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Teen crushed to death after scaffolding collapses at construction site trapping him under a pile of steel

18-year-old Christopher Cassaniti died at Macquarie Park in North Sydney on Monday after a 15-meter tower of scaffolding collapsed on top of him
UPDATED FEB 27, 2020
(Source : Getty Images)
(Source : Getty Images)

A mother has paid tribute to her "guardian angel" son in an emotional Facebook post after he was crushed to death at a building site while working as an apprentice tradesman.

The son, 18-year-old Christopher Cassaniti, lost his life when a 15-meter tower of scaffolding collapsed on top of him at Macquarie Park in Sydney on Monday, according to a Daily Mail report.

Patrizia, his mother, who served coffee at a mobile truck down the road, rushed to the site within minutes after she was told her son was trapped. Later, on Tuesday night, she posted a photo with her "beautiful boy" on Facebook. "My Guardian Angel... sooo much pain," she wrote alongside the picture.

Since the tragedy, there is mounting speculation as to what caused the breakdown, which also sent a 39-year-old tradesman to the hospital. According to union bosses, it was mostly human error.

Speaking to Daily Mail Australia, CFMEU national secretary Dave Noonan said the scaffolding was either overloaded or not put up properly.

"When scaffolding is used and erected correctly according to specifications, properly maintained and the ties are left in, and it's loaded only in accordance with the safe working loads that are appropriate to its design, then it doesn't fall down," he said. "Somewhere in that chain, something has gone wrong."

Owing to the tight deadlines during Sydney's building boom, safety watchdog SafeWork NSW issued 100 notices for breaches of scaffolding safety rules last year amid growing fears that developers were cutting corners or riding roughshod to get the job done. Regulators reportedly issued $265,000 worth of fines for various safety breaches after visiting over 1,000 construction sites last year.

Synergy Scaffolding Services, the firm which erected the scaffolding at Macquarie Park, said the safety of workers was of paramount importance. "We adhere to all safety regulations, ensure all staff are suitably qualified and undergo specific training and inductions," it said in a statement.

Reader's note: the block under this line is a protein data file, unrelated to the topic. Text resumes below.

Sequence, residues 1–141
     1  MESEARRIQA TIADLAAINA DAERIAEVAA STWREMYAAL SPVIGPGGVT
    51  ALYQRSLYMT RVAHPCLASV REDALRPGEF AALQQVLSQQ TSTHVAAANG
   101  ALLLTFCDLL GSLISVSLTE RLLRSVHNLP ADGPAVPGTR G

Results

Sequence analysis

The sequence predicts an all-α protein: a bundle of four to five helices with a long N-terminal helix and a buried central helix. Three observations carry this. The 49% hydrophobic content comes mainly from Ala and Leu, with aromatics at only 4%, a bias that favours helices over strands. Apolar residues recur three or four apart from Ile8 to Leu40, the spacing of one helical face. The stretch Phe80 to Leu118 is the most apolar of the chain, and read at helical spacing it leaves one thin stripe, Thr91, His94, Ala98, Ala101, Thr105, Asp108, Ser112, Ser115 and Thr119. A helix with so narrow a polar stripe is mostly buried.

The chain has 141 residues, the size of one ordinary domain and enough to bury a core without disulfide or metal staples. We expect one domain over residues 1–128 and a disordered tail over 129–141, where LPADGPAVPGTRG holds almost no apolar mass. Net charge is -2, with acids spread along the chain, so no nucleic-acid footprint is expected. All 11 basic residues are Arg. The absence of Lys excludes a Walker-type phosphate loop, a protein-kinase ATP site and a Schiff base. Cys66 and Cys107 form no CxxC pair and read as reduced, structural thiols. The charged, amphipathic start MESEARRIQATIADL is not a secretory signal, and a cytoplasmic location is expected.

Tradesmen were seen in distressing footage that emerged on Tuesday frantically trying to save their two trapped colleagues. The workmen, wearing hard hats and high-visibility jackets, rushed to free the men as harrowing screams resounded throughout the building.

However, police held the men back fearing that tonnes of twisted metal and concrete could collapse further by dislodging just one piece of steel.


In the clip, a policewoman is shown ushering the workers back as one tradesman yells, "You're wasting time. We need access."

A policeman is then heard on a megaphone soliciting help from the tradesmen, to which one responds: "You've got a whole army here - we're ready."

"If we move the wrong piece more will collapse," another policeman warns the workers. "It's like a jigsaw puzzle. Give us instructions then, let's do something," a tradesman replies.

An unknown individual is heard screaming at one point, "My brother's down there." The policeman on the megaphone then continues: "Listen, listen. Let the ambos stabilize it and as soon as they say ready we'll get it."

Cassaniti became the fifth person to die at a construction site in Australia this year. His unnamed 39-year-old colleague was pulled from the rubble and rushed to hospital in critical condition, and is now reportedly stable.